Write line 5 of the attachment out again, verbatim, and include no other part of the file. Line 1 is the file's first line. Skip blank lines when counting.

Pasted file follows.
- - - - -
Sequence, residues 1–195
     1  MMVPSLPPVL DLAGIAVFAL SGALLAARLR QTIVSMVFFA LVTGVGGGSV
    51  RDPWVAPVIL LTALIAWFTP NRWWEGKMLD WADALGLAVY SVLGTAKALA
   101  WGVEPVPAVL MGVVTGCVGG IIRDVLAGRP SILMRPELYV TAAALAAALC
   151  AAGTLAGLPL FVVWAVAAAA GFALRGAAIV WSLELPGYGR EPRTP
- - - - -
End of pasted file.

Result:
   151  AAGTLAGLPL FVVWAVAAAA GFALRGAAIV WSLELPGYGR EPRTP